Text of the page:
by Kristin Hayes
by Kristin Hayes
Mandy pulled at the hem of her dress. The cotton fibers stretched
distorting the flowered pattern. It was hot. Her hairline was moist,
though her hair was pinned up tight. An occasional breeze brought the
smell of lilacs wafting from the neighbor’s yard bringing memories of
warm summer nights.
The memory of one night in particular pulled the corners of her mouth
down. Her eyes watered and she shut them wishing she could somehow close
the door to her mind and jail her thoughts. Cursing, she wiped her eyes
and sat up straighter.
She blinked at the hum of Cory’s truck idling down the lane. Mandy
stood. Leaving the impression of her curled legs in the grass behind,
she wandered to the edge of the lawn and leaned against the fence. The
truck rocked up and down. Despite the heat, the ruts in the drive were
still deep and wet from the last rain storm.
Mandy had rehearsed the casual stance she assumed. Her legs felt like
they might collapse but the fence kept her posture. Cory killed the
engine and the truck rolled to a stop. The motor choked and sighed
before dying out.
Feeling faint, Mandy’s grip on the fence tightened. Cory slammed the
door on the truck and walked toward her.
“What news?” she asked, straining to sound indifferent.
“Chuck Nelson got a television,” he said, “invited us over to see it
sometime. They must have had a good crop last year.”
“That’s nice,” Mandy said. “Hear anything about the Harper girl?” She
hoped she didn’t sound anxious.
Cory frowned. “They took her to Beaumont. I don’t think she’s expected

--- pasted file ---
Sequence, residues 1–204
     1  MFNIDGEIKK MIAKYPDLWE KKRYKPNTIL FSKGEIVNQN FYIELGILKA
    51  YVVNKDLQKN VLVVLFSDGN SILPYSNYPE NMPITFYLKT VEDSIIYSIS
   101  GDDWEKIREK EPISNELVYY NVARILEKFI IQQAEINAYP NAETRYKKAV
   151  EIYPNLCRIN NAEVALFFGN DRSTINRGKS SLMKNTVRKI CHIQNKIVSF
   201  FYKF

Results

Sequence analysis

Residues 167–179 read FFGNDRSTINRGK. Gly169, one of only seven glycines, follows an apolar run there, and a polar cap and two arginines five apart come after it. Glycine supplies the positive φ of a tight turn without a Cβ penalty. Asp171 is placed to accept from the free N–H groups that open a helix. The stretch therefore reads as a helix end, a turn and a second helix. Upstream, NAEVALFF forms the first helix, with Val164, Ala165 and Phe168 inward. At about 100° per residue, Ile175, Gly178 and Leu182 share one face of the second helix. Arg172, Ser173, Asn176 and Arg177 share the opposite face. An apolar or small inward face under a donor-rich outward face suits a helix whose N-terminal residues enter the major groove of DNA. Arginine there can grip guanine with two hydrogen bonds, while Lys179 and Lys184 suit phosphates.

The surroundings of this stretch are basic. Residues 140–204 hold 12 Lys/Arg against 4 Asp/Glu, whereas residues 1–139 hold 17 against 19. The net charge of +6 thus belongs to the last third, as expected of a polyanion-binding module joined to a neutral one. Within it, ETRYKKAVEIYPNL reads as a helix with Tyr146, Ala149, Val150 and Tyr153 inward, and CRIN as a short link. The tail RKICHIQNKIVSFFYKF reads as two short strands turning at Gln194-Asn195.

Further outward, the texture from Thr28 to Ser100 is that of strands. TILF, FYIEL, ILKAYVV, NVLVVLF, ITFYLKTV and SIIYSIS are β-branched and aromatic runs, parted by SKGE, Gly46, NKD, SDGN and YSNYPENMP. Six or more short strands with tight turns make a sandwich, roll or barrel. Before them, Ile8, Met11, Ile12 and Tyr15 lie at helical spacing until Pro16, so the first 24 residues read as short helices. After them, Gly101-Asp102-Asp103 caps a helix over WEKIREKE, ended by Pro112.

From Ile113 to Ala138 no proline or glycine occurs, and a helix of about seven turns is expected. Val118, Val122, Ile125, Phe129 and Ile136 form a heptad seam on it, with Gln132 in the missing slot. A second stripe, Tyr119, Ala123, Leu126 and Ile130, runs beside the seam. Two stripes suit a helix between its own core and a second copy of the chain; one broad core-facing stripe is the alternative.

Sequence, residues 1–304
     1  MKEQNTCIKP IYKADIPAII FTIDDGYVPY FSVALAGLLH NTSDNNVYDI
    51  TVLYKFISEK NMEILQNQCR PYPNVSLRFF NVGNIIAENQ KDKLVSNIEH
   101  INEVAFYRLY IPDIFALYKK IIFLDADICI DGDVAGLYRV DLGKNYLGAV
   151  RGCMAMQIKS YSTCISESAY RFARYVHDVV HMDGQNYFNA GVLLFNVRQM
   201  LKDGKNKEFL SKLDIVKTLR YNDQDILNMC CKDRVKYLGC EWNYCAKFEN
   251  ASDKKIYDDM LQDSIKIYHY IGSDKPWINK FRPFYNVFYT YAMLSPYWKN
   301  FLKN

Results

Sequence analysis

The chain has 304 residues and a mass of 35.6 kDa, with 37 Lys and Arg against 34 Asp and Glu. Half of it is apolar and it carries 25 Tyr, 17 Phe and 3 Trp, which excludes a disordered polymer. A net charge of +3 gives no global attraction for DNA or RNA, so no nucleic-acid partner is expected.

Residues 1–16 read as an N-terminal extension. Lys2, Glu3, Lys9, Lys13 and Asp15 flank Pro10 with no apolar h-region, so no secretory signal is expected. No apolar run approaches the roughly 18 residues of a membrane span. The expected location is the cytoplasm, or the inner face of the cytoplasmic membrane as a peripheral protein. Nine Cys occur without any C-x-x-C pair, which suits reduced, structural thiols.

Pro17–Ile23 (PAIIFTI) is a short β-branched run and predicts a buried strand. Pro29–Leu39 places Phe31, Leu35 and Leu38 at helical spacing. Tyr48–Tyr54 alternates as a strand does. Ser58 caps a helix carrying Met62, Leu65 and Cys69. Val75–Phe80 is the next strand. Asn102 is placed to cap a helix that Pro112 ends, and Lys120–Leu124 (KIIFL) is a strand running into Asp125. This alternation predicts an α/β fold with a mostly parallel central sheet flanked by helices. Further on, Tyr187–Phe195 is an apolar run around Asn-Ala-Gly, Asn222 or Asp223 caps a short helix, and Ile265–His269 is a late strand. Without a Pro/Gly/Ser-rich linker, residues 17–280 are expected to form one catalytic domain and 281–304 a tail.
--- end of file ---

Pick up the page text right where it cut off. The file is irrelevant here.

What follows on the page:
to make it. You know her?”
“We went to school together,” Mandy lied. She suddenly felt as though
she were outside of her body, looking down.
“Hopefully they’ll find out who did it and lock him up,” he added,
staring at the ground.
“Help me unload?”
“Oh, uh, I told Mrs. Johnson I’d help prune her roses.” Another lie, it
was becoming easier.
Cory nodded. “I’ll see you later then.”
Mandy stepped away from the fence and stumbled.
“It’s just these stupid shoes.” She hoped he didn’t hear her voice crack
or notice the tears in her eyes. She took a and steadied
herself and set off down the lane.
/I don’t think she’s expected to make it/. Warm tears ran down Mandy’s
face. They came faster and harder with each step. She sloshed right
through the mud puddles, not caring a bit. When the house was out of
sight she began to run. She never wanted to stop, though she was already
gasping. Her heart drummed loud in her ears, her pulse throbbing in her
Mandy turned right at the Johnson's house and headed toward a thicket of
pines. She knew the trail by heart and thundered down it toward the
river. The clear water flowed softer here. She’d come here to swim as a
child. Now she bounded into the water without thought, fully clothed.
Standing there, in the waist deep water, sobbing, she spread her arms
out, and willed the current to wash her guilt away.
Copyright 2009 by Kristin Hayes: All rights retained by the author